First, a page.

When he took power in the spring of 2010, Ukrainian President Viktor Yanukovych was widely seen as a pro-Russian politician inclined to seek compromises with Moscow. Both sides expected his presidency to result in a normalization and stabilization of relations between Russia and Ukraine. Symbolic gestures such as the signing of the Kharkiv agreement, Ukraine’s renunciation of its aspirations for NATO membership, and a number of high-level visits between the two capitals seemed to confirm this initial impression. It is becoming increasingly clear, however, that the current Ukrainian president, like all of his predecessors, will not toe Moscow’s line and relations between the two countries are slowly but surely sliding into deadlock.

Not long into Yanukovych’s first year in office it became apparent that Ukraine would be increasingly subjected to Russian pressure on integration projects, would be carried out on Russia’s terms, with Ukraine gaining in the short term, but losing out heavily in the long run. Yanukovych, however, began to seriously engage with the  question of European integration, privileging negotiations on Ukraine’s Association Agreement with the European Union (EU), while snubbing the possibility of joining Moscow’s Customs Union, a project that is dear to Russia and especially to Prime Minister Putin. These European aspirations have caused considerable disquiet in the Kremlin and Russian experts now argue that Ukraine’s leadership and elite send confusing messages to Moscow and that the country remains Russia’s most unpredictable partner in the post-Soviet space.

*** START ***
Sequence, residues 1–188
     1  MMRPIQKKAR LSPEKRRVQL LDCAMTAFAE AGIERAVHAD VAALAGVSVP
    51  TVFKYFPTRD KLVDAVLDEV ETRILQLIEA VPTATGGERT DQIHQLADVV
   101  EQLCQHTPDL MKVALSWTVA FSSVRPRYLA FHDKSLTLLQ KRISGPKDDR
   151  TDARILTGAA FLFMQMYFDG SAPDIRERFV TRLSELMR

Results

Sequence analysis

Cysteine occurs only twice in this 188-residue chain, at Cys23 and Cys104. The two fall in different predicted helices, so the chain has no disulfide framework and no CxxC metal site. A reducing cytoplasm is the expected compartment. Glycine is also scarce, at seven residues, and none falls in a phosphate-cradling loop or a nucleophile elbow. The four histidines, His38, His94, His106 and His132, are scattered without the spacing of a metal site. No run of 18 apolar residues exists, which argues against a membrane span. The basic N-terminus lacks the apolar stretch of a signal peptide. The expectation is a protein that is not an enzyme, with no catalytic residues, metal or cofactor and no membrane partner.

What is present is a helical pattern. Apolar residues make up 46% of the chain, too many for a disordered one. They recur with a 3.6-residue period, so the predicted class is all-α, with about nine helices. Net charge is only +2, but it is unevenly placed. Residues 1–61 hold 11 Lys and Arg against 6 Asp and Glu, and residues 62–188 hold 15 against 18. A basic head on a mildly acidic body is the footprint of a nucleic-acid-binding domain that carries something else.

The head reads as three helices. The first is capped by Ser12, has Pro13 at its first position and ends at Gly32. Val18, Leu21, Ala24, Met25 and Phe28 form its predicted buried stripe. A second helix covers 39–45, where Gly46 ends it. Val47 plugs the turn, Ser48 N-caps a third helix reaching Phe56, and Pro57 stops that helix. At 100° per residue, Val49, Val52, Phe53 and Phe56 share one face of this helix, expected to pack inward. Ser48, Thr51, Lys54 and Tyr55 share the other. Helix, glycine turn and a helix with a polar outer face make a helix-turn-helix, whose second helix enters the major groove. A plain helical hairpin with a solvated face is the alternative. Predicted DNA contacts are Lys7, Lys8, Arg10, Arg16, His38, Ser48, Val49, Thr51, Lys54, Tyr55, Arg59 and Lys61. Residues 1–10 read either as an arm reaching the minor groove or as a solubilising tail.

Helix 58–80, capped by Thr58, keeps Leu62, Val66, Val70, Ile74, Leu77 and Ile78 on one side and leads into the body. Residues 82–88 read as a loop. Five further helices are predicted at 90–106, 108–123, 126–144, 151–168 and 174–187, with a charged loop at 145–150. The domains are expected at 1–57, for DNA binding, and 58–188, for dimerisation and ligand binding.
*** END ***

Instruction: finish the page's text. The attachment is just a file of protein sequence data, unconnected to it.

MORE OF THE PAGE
In sum, while there has been a reawakening of sorts between Moscow and Kyiv, relations between the two remain essentially unbalanced. Russia consistently expects more of its neighbor to the west and is consistently disappointed. Ukraine has two main concerns—cheaper gas and less attention from Russia—neither of which have been forthcoming.

Whether Kyiv and Moscow will be able to overcome this deadlock and build a stable and healthy relationship remains open to question. The current level of expectations on both sides, the lack of strategy, and the mutual distrust all suggest that relations between Ukraine and Russia will be fraught in the coming years. The people-to-people contacts that exist between Ukraine and Russia will serve as a guarantee against any military intervention by Moscow. However, disputes over gas, prompted by the introduction of higher gas prices for Ukraine, or trade wars, prompted by the finalization of EU-Ukraine talks on the Deep and Comprehensive Free Trade Agreement (DCFTA), are likely to follow.

The nature of Ukraine’s agenda for Russia remains an open question, but ultimately Kyiv must find a vision in order to rebuild its relations with Moscow and end the tensions.